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Review: Dead By Daylight

In mid-June this year Canadian-based indie developer Behaviour Interactive released Dead By Daylight, an online multiplayer survival horror game that went on to sell over a million copies in its first two months.

The game revolves around a basic structure where four survivors work together to start up generators scattered throughout a map. Once the required number of generators are up and running, the exit gates are powered up and the survivors are able to escape. It’s not that easy, though — standing in their way is a killer. He or she is tasked with trying to stop the survivors, catching and placing their victims on sacrificial hooks that are spread all over the map.

As the killer gets in range of a survivor, they’re notified of the imminent threat by an audible heartbeat that gets louder and louder as the killer gets closer. The survivors will either need to stay put and try to hide using their surroundings as cover, or make a run for it and attempt to get away. Running causes these very bright scratch marks to appear within the environment; the killer can use these as a tracking tool. It’s a delightful case of risk versus reward; the killer moves fast, so survivors don’t want to give it any advantages.

The 4v1 gameplay makes for some interesting match ups, with each team able to choose from a selection of characters, all with unique perks. These can be unlocked by acquiring points throughout the match, offered by completing certain category objectives. On the survivor side you have characters like Dwight, who can improve the interaction speed of other team members nearby. If you’re someone that just wants to run away, there’s Meg — she has a quick sprint burst that can allow her to outrun the killer for a few seconds.

On the killer’s side, you similarly have perks which affect the way they play, but also unique special abilities. The Hillbilly wields a chainsaw that allows him to quickly dart around, the Trapper can place bear traps on the ground to catch his prey, the Wraith can go invisible while also masking it’s heartbeat from Survivors and the Nurse can blink around the environment and on top of unsuspecting people.

When you first start playing Dead By Daylight as a survivor it can be quite terrifying; you really don’t know what you’re in for as you begin to learn its mechanics. Each map has randomly generated elements that effect the layout, so every time you play you’ll end up with a different environmental experience. Even now, with over 150 hours put into Dead By Daylight, I still find it very tense — and, for the majority of the time, fun to play. The other thing I think is awesome about Dead By Daylight is its post-launch support. Behaviour Interactive has been quite vocal about what type of game it wants to have, and what it wants to see from downloadable content. Purchases within Dead By Daylight are exclusively cosmetic (at least currently), and don’t have any effect on how the game plays. Games like DotA 2 have adopted a similar approach and it works wonderfully for Valve.


The developer has also done a great job since release by fixing issues and adding more content to the game as well. In saying that, the upcoming “Halloween” update will be paid DLC that enables you to play as Michael Myers. How this will fit into its “we don’t want Pay-To-Win” policy has yet to be determined. There have also been some big changes to the balance and reworking of mechanics, adding new items and characters, including new features like the ability to queue for matchmaking with your friends.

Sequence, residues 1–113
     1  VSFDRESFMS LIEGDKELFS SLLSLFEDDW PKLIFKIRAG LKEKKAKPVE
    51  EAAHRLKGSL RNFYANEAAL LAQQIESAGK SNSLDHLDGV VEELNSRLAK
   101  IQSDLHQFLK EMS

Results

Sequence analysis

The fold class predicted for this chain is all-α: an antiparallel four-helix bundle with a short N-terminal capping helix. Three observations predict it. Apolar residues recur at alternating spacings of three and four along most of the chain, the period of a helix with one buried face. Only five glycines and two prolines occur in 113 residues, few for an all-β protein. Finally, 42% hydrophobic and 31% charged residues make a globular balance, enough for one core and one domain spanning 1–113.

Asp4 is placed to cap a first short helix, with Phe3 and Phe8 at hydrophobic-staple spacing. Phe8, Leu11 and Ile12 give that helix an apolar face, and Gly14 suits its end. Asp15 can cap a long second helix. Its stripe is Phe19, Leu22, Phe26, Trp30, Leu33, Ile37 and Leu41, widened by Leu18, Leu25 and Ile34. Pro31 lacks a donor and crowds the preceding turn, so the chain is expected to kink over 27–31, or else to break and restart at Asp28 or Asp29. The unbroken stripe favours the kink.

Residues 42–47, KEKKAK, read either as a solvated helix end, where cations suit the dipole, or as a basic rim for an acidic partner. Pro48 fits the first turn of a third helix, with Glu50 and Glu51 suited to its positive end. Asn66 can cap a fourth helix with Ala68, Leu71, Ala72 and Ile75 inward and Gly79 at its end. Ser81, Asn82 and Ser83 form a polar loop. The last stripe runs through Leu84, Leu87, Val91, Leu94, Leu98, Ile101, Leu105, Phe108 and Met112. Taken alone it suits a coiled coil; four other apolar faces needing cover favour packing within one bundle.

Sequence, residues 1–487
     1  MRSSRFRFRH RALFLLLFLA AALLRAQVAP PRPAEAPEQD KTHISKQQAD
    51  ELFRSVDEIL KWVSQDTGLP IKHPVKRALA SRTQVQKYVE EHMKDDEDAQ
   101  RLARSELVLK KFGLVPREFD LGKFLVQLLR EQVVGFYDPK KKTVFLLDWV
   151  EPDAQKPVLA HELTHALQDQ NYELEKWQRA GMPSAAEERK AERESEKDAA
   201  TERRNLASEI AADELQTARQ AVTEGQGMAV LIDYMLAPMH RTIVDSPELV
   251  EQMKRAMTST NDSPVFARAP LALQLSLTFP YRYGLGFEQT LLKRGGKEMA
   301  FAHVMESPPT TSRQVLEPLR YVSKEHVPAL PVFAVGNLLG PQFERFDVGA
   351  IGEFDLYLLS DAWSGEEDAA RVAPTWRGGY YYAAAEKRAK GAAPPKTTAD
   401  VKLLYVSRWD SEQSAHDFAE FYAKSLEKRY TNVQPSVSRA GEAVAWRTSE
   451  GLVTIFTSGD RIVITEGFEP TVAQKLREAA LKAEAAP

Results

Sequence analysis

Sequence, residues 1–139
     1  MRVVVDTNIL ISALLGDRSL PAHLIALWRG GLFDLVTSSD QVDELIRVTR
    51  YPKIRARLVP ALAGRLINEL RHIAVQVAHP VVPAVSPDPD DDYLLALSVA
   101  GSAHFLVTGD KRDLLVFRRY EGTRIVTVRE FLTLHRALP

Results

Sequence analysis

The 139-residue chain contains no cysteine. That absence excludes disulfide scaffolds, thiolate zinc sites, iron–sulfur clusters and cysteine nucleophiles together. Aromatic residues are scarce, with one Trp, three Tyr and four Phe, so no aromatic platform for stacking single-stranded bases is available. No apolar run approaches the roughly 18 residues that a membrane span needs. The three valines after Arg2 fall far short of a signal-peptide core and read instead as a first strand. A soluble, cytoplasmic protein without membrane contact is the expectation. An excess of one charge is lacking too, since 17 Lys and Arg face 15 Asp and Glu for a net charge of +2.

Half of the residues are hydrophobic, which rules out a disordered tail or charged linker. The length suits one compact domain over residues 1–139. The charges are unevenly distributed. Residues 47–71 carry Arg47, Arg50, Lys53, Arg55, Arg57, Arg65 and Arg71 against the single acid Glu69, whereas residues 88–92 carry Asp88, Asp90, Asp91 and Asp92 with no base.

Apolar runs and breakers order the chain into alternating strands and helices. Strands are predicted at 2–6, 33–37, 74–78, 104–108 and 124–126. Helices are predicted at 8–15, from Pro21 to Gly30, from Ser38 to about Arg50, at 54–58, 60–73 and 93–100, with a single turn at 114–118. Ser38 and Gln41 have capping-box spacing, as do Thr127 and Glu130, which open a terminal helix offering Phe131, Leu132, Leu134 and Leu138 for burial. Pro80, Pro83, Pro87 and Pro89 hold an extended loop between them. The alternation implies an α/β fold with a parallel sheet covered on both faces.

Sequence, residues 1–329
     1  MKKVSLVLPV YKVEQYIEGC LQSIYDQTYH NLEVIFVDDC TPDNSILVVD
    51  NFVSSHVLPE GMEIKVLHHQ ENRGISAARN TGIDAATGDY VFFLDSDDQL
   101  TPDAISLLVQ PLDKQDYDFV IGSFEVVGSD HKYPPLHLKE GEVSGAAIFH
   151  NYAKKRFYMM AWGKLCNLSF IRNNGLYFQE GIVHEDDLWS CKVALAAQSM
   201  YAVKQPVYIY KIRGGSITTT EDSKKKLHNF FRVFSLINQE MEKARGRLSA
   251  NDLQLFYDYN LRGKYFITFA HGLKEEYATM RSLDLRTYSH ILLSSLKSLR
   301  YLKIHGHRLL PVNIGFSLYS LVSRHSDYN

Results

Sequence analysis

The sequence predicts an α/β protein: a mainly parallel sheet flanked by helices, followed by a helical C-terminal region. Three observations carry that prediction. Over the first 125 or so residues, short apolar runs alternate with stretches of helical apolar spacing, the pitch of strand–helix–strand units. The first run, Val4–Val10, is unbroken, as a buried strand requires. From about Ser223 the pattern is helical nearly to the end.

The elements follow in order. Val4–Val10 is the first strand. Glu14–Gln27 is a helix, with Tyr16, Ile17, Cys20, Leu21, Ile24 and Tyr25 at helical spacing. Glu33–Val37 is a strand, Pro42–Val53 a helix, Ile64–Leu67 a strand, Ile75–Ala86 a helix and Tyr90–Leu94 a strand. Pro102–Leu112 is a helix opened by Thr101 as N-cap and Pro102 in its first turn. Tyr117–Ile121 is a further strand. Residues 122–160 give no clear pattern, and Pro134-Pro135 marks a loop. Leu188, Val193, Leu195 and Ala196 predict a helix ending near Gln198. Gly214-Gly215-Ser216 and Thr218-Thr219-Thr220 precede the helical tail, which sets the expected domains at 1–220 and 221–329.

Dead By Daylight still has some lingering issues — especially noticeable in the quality of life area — but also problems that arise with balance changes. While I disagree with the way in which some of these have been implemented, it’s hard to deny that Behaviour Interactive hasn’t been communicative the entire time. They also run weekly Twitch streams, where a handful of staff show off various behind-the-scenes content, along with what to expect from upcoming updates. Behaviour also answers live questions from the chat, and hits the road to attend conventions where they can interact with fans. These are important things to do in order to grow and keep your community engaged. Unfortunately, another very high profile independent game released this year hasn’t quite grasped this concept of yet


When Dead By Daylight was first launched, it was a flawed but fun game that needed a bit more work to tighten things up. Since its release, Behaviour Interactive has spent the last few months doing just that; it’s in a really good place right now. It has a healthy, active community where the player base can also go and interact with the developers on a weekly basis. All in all, Dead By Daylight is an amazing survival horror experience and my favourite indie game so far this year; you’ll sure as hell see this one on my list of top 5 games of 2016.

Dead By Daylight was reviewed using a retail code on Windows PC, as purchased by the reviewer.


Review: Dead By Daylight
9 out of 10

The good

  • Fun and intense multiplayer.
  • Multiple maps with randomised elements.
  • Developers updating from week to week.
  • Range of characters enables different styles of play.

The bad

  • Still a few exploitable areas in the game.
  • Missing some quality of life components (lobby ping, etc).
  • Balancing patches can sometimes feel one-sided.

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About the author

Luke Lawrie

Writing and producing content about video games for over a decade. Host of Australia's longest running video game podcast The GAP found at TheGAPodcast.com. Find me on Twitter at @lukelawrie